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Telco likes taste of own medicine.

TELCO LIKES TASTE OF OWN MEDICINE

Contel of Pennsylvania faced a problem similar to many companies: providing WAN-to LAN-communication between departments in separate buildings.

The Pennsylvania sales office, based in Hershey is five miles from division headquarters, which houses the marketing department's Token Ring local-area network.

Fast, efficient communication between sales and marketing is necessary if Contel is to provide the type of service required of telephone companies today.

Contel is meeting this challenge by using ISDN basic-rate-interface (BRI) service.

This provides inbound and outbound connectivity to the marketing department's LAN as well as to Contel's internal packet-switch network.

The ISDN portion of Contel's network is based on an AT&T 5ESS central-office switch.

Inbound access to a J&L model 32X ChatterBox server on the LAN is provided by a bank of Fujitsu SRS-300 and -400 ISDN terminal adapters, along with AT&T's 7500 terminal adapters configured to operate at 19.2 kb/s.

The Pennsylvania sales group and state operations personnel (consisting of approximately 30 employees) use Fujitsu's SRS-270D and AT&T's 7506 and 7507 ISDN telephones.

The phones are equipped with an asynchronous-data option to provide connectivity to the LAN server.

Shared Resource

The server acts as a shared resource for both the state sales group and the division marketing group directly tied to the LAN.

A Token-Ring-attached Contel 286 PC acts as a communications server for outbound calls.

Another bank of Fujitsu SRS-300 and -400 ISDN terminal adapters is used in a modem pool. The LAN server treats these Fujitsu terminal adapters as a group of very fast dial modems.

Contel's company-wide internal data network--CNS (Contel Network Systems)--uses packet-switching technology to connect corporate computers.

For example, all customer billing records are on a Honeywell mainframe, and a VAX host is used for corporate-wide E-mail.

Access to the packet network is provided by using the 5ESS central-office switch as a large data switch.

Once he places a call to the packet network, the user is prompted for a host destination.

CNS connects all locations throughout Contel, offering connections to various types of host computers.

"Before installing ISDN, WAN access to the LAN virtually didn't exist," says Kirby Cooper, inside plant engineer.

"The ISDN addition has effectively added wide-area connectivity to the local-area network, while enhancing our current CNS network."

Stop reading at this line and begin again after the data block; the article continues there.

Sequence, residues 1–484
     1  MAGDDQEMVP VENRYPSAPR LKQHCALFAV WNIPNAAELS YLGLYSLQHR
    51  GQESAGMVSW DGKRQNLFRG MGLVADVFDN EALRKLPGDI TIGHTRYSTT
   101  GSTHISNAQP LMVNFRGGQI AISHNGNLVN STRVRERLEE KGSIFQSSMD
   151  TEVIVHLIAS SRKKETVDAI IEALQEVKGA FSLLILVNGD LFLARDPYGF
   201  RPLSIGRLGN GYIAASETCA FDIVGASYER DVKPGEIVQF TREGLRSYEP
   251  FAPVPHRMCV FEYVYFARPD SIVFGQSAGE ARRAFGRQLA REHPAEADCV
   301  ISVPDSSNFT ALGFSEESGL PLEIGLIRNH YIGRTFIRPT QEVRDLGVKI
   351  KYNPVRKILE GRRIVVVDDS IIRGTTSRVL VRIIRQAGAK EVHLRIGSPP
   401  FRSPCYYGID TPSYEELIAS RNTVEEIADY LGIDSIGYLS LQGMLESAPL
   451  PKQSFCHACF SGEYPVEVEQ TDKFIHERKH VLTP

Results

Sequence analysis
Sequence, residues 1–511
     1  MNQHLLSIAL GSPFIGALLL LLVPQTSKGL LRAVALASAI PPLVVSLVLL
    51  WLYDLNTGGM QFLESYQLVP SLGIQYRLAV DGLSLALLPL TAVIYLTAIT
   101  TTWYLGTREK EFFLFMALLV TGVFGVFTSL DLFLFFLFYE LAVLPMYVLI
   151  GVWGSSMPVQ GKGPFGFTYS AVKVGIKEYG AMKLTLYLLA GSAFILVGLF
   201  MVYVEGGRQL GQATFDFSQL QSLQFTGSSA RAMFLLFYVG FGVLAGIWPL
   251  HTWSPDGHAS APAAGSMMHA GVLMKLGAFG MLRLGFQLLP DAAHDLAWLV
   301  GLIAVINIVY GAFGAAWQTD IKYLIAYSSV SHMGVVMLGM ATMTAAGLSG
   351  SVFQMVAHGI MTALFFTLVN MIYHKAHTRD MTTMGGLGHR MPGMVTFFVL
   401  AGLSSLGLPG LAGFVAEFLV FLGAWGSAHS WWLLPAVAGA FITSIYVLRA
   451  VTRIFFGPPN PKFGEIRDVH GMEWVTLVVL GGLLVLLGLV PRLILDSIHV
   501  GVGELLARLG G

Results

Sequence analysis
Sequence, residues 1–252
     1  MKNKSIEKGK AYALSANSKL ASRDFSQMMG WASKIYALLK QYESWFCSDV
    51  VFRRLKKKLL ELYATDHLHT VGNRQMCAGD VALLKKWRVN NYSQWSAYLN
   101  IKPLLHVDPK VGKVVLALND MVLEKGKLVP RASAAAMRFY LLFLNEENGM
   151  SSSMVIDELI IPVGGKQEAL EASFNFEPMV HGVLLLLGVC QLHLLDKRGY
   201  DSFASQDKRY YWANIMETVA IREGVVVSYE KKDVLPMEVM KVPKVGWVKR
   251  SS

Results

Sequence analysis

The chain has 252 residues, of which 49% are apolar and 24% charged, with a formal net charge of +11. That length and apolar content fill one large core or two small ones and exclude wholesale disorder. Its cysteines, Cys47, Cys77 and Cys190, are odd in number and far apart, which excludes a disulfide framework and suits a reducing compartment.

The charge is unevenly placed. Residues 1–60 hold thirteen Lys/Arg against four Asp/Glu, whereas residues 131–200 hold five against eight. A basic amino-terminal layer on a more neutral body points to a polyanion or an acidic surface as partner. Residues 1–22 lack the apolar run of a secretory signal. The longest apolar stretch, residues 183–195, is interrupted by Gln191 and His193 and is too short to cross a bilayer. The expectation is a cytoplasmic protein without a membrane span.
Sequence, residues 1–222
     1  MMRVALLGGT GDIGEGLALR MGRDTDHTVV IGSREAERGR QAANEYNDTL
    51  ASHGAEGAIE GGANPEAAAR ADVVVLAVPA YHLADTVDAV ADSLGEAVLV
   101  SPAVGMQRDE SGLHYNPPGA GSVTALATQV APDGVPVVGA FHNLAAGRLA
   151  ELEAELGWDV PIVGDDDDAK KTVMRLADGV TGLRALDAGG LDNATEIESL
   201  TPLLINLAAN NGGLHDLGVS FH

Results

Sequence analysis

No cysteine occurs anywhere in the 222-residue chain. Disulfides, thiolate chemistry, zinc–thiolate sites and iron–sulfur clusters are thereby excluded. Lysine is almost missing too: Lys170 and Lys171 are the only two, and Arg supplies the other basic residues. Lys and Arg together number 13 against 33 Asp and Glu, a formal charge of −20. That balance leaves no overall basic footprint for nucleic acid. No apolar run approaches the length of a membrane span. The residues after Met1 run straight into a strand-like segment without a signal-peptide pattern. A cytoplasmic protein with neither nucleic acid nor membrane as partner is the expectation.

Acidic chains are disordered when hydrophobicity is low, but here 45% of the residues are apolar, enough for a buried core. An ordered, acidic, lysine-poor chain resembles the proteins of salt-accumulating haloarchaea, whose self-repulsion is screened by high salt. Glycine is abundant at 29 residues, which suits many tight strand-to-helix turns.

Prior to adding ISDN to its network, Contel used limited-distance 4800-b/s modems for access to the CNS network, and 1200-b/s dial-up modems for the LAN.

Fast And Flexible

"We decided to change to ISDN because it offers more flexibility and speed than the limited-distance modems," says Rick Fox, information management analyst.

"It's simpler and less expensive to dial-access a host on the network with ISDN than with a dedicated point-to-point network topology.

"Additionally, changing to ISDN meant we could operate reliably at a higher average speed--19.2 kb/s--without requiring leased circuits."

The initial investment was minimal.

Contel already owned a 5ESS central-office switch that had been upgraded for a major customer.

The cost of the Fujitsu ISDN terminal adapters was comparable to that of the limited-distance modems.

The adapters cost less than either the limited-distance or dial-up modems.

Configuration changes were limited to reconfiguring the J&L ChatterBox server's software.

"Most of the problems were in the project's coordination, not the technology," says Cooper.

"We were fortunate in getting first-class on-site support from Fujitsu and the local LAN vendor (the Office Works)."

This is not the first ISDN venture for Contel of Pennsylvania.

The telephone company has long been talking to customers about what ISDN can do for them.

Contel of Pennsylvania participated in an internal field trial last October. It participated in a customer field trial in November.

"We knew about some of the benefits of ISDN through our field trials, and have been providing some of the services to our customer," Cooper says. "We've taken advantage of the same benefits for our own use."
COPYRIGHT 1990 Nelson Publishing
No portion of this article can be reproduced without the express written permission from the copyright holder.
Copyright 1990 Gale, Cengage Learning. All rights reserved.

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Title Annotation:ISDN User Strategies; Contel of Pennsylvania
Publication:Communications News
Date:Jul 1, 1990
Words:652
Previous Article:Customer service gains valuable tool.
Next Article:ISDN saves over T1 on college campus.
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